Become a Genre Scavenger
Some games, selling for hard-earned money, surprised me when I saw them the first time. Examples are Avernum 6, Adventures of Fatman or Slay. Some have acceptable graphics while others make you wonder how they can charge 20$ for their MS-Paint experiments. Aside from their graphics these games don’t provide much or any innovation in their genre. They look old and play old. So how can these games sell?
Players expect indies to come up with new ideas, mechanics or twists in their games. AAA titles have to stun with their realistic graphics, physics or exciting cutscenes. So genres from yesterday seem to have no right to live, have they?
The good news is: people are creatures of habit. They like exciting new stuff but also want a supply of familiar games. This explains why old-school genres are still in use. When we consider this why should we come up with any innovation when there are enough customers for established concepts? To explain this we have to take a look at the genre life cycle:
The birth of a genre can be a quick rise like Resident Evil brought the survival horror genre to the masses over night. Or it may veg out for many years until a famous title like Street Fighter II sets off an avalanche. It was Sega’s Heavyweight Champ which introduced the one-on-one fighting genre back in 1976. Quite a while from 1976 to 1992.
After gamers bought the first successful instance of a “new” genre in bucketfuls it gets more and more attention. Publishers and developers jump on the bandwagon and start an arms race of innovation in the genre. A few months later every gamer knows what it is all about. Limits of the genre become obvious and innovation starts to decline. After a flood of similar games players start to get bored by the genre. Sales curves drop. A few years later the gold rush is over and the genre forsaken.
Where do indies fit into this process? First there is this steep curve of innovation where more and more competitors enter the battlefield. No place for indies here. When everybody knows the genre AAA publishers/studios dominate the market. Again, not good for indies. After sucking all life out the big ones drop the genre and go over to more lucrative game types. Players won’t spend any dime after the gold rush. No chance indie, go home!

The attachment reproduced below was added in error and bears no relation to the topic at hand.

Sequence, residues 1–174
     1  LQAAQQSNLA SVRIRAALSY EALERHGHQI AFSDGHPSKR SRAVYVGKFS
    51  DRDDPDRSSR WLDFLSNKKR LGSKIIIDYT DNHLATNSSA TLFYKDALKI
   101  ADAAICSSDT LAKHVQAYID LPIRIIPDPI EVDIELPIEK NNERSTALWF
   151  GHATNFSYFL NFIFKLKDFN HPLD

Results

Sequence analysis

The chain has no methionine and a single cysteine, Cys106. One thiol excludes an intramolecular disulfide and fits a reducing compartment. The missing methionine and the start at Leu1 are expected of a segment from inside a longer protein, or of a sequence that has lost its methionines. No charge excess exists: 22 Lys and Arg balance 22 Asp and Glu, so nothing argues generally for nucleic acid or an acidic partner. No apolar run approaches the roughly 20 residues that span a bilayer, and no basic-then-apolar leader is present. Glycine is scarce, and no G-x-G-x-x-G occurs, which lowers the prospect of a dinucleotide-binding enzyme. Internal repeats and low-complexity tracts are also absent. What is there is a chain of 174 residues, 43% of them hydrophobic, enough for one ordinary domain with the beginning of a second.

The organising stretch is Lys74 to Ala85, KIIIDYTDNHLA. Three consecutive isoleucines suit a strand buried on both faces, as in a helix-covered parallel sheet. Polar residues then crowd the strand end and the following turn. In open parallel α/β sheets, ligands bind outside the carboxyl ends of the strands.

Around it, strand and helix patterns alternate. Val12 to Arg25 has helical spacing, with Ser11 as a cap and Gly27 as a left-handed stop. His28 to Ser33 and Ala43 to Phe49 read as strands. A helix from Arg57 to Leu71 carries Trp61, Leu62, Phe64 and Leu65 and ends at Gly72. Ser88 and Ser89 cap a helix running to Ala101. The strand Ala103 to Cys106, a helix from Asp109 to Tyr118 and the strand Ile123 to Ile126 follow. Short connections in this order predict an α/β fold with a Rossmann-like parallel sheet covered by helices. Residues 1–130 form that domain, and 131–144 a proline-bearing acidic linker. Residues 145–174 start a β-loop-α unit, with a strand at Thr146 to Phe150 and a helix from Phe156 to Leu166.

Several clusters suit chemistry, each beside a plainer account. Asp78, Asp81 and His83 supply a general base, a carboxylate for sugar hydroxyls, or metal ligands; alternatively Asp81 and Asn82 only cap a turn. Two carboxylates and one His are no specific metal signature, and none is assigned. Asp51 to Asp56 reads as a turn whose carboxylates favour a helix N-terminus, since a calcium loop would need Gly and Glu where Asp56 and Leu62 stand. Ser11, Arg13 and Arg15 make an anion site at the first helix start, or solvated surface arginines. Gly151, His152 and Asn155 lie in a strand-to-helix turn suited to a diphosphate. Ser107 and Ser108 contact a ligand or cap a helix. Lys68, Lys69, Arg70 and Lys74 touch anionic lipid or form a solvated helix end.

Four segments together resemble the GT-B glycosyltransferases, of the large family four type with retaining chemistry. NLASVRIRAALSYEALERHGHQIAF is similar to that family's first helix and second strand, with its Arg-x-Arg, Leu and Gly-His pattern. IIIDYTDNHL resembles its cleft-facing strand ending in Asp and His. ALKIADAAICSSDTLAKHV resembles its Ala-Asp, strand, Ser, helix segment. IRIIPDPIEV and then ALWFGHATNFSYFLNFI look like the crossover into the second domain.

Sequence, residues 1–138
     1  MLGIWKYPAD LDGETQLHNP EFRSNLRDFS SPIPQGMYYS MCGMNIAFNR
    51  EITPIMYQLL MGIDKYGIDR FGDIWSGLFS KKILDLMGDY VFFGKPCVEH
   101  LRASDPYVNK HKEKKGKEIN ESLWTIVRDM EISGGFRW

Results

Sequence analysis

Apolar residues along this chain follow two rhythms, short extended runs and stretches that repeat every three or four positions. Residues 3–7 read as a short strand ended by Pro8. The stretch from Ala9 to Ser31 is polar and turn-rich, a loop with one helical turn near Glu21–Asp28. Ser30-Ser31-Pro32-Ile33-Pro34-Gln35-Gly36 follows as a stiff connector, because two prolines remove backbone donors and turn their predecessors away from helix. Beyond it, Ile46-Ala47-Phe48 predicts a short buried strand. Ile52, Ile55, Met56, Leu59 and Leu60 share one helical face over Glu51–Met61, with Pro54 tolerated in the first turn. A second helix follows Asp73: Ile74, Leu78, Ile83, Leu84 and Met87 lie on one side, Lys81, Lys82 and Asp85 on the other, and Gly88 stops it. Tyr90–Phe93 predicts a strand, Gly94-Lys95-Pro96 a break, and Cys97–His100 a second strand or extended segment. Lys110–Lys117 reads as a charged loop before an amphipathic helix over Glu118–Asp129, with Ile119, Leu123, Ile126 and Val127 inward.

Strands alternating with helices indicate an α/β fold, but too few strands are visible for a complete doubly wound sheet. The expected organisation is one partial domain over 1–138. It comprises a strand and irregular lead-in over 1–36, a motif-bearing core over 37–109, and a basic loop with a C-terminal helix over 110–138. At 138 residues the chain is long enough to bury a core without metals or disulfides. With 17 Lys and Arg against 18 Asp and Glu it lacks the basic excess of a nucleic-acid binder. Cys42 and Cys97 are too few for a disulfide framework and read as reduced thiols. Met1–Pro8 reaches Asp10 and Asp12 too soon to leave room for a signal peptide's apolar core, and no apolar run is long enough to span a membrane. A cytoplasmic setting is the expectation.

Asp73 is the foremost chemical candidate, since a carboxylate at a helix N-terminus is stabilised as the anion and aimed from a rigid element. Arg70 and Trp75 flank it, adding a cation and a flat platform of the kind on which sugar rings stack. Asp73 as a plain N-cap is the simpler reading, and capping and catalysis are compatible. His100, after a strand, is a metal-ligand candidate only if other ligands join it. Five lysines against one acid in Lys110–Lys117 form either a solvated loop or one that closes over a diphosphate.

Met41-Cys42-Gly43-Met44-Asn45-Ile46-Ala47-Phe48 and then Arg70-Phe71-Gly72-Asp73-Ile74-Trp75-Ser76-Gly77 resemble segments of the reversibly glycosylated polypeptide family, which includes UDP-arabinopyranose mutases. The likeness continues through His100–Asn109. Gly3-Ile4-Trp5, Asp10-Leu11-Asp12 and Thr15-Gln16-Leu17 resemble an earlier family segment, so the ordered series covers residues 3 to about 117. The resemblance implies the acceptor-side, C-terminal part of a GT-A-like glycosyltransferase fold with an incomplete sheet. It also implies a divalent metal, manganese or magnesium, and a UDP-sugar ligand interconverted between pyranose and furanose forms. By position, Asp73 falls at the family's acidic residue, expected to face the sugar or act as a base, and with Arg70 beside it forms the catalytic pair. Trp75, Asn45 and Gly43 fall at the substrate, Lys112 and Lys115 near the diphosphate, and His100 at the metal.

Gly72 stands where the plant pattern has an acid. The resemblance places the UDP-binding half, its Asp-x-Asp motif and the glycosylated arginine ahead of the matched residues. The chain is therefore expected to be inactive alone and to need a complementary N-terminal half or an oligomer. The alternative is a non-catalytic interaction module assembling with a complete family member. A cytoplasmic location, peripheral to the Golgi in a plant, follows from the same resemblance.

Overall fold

The truth is that indies can work as genre scavengers. After the big companies took the lion’s share small studios can take the rest. There will not be as much money involved as during the high times but enough to be worth the effort. The long tail of the life cycle does not drop to zero. It rather fades out over a long time:
So, how can we use this insight? The great thing is that you can take any gone genre and “revive” it. This is a list of dead beef I could imagine to pick up:
- pinball games
- brawlers like Shank
- shmups (my choice)
- dungeon crawlers like Wizardry or Bard’s Tale
- text adventures or MUDs (think iPad and interactive novel)
- controlling battle mechs like MechWarrior
- adventures in side view, e.g. Castlevania II or Battle of Olympus
- bundle games like California Games
- sport games like Track&Field
- run&gun games like Metal Slug
- platform puzzlers like Krusty’s Fun House
- point&click adventures like Gemini Rue
- party games like Bomberman
- top down racers like Micro Machines
- top down shooters like The Chaos Engine
- futuristic racers like Wipeout
- what’s the genre of Lemmings?
- gory beat ’em ups like Mortal Kombat, Splatterhouse or Timeslaughter
If you are fed up with the ongoing call for innovation and/or eye-candy graphics you may consider reviving an old genre. The wheel is already invented. You just have to spin it.